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Maria Salvadore

Reading Rockets' children's literature expert, Maria Salvadore, brings you into her world as she explores the best ways to use kids' books both inside — and outside — of the classroom.

Books for peace?

December 9, 2010

Over 50 years ago, the International Board on Books for Young People (IBBY) was established by Jella Lepman. Her vision for the organization was to "to promote international understanding through children's books." There are now over 70 chapters of IBBY throughout the world, including the US chapter, known as USBBY.

Each year, a committee of USBBY members selects books to appear on the Outstanding International Books for Children (and young adults). The 2010 list features books published in the previous year for children in kindergarten through grade 12.

I'm working with the committee to select titles for the 2011 list — and in fact, the committee will meet and deliberate this weekend.

Each committee member has read lots (and lots) of books published in other countries before being published in the United States. Of course, the books are evaluated on literary and artistic merit but also on how well they introduce American readers to book creators with other than American perspectives.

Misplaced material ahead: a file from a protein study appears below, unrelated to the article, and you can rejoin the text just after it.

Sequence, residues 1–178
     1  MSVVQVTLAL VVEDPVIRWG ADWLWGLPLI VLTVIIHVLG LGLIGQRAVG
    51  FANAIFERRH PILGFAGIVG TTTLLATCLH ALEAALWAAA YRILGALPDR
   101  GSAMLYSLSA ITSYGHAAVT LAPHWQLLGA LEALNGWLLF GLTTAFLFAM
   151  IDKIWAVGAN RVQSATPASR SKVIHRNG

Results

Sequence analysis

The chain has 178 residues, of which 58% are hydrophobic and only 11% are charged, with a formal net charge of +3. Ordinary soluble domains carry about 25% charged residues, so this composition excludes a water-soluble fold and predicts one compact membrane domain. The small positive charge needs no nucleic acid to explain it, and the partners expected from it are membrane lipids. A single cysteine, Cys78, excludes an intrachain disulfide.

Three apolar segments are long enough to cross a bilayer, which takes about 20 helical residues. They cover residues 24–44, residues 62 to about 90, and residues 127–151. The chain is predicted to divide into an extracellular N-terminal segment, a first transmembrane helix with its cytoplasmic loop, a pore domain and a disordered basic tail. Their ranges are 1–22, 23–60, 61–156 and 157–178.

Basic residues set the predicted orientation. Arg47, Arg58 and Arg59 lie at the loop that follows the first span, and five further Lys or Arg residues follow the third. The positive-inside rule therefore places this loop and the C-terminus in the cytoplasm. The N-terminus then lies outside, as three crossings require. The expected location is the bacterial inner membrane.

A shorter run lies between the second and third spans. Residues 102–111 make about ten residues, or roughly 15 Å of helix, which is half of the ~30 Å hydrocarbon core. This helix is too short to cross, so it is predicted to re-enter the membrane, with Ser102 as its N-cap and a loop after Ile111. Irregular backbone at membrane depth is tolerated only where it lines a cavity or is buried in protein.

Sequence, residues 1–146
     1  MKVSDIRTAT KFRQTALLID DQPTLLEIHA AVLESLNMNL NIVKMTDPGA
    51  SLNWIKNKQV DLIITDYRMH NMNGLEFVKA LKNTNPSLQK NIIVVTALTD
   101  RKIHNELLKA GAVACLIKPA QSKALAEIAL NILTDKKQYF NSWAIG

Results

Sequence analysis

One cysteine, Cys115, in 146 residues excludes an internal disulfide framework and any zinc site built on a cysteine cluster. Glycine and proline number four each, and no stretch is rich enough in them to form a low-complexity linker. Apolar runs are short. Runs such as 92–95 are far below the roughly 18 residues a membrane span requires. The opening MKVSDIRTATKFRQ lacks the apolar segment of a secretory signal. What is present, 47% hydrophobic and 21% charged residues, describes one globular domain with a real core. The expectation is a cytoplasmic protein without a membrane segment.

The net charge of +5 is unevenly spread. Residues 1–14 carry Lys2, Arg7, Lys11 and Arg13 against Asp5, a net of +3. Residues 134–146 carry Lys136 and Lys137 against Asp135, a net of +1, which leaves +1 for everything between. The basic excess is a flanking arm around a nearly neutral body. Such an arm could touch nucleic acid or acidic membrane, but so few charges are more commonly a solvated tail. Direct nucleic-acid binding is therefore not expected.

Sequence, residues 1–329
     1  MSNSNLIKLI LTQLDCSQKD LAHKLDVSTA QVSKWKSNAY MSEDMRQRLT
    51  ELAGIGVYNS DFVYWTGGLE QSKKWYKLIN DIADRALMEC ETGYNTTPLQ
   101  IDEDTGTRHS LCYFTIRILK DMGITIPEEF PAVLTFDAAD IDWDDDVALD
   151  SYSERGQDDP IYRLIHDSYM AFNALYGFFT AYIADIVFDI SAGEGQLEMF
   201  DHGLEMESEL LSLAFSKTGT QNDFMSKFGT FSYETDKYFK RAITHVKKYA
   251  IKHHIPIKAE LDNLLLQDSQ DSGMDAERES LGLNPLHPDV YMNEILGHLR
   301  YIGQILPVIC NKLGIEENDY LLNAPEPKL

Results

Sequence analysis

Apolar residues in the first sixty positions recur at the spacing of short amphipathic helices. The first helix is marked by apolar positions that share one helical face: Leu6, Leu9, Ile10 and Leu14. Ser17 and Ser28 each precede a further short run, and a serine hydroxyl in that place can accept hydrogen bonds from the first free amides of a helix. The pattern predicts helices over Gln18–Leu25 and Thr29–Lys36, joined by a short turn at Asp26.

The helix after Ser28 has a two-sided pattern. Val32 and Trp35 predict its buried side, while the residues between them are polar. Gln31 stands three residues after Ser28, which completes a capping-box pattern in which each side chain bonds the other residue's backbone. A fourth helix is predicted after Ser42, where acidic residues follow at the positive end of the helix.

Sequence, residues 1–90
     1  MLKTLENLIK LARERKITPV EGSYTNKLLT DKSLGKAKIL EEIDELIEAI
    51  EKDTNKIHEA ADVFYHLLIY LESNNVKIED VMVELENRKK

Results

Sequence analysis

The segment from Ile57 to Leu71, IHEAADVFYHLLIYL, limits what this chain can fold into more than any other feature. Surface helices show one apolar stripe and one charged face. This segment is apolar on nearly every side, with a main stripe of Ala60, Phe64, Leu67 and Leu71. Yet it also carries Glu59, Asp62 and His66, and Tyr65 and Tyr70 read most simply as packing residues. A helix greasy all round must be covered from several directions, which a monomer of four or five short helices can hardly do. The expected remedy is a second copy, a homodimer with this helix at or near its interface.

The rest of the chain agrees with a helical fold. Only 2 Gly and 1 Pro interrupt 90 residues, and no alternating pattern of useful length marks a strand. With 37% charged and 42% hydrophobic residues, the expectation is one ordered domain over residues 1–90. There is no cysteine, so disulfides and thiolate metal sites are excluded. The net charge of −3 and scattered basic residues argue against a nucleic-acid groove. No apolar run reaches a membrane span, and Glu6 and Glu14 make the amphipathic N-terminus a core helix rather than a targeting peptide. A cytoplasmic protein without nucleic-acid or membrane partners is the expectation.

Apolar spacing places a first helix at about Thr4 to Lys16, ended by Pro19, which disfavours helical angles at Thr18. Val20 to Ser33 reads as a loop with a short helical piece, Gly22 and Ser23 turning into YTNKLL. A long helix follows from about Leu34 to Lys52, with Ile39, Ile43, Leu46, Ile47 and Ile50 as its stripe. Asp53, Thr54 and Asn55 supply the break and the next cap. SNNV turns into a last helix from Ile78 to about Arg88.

It's interesting when reading these books many present a distinct culture but with themes that American children can readily relate to — like the need to belong, to understand, for friendship. It's also interesting to see very different styles of illustration.

Jella Lepman was on target, I think. Even though most children won't have the chance to travel the world, they can meet people from across the globe through and in books — and isn't that what creates understanding?

Books can help eliminate the notion of "them, not me" — perhaps building empathy and maybe even one day, peace.

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"A poem begins in delight and ends in wisdom" —

Robert Frost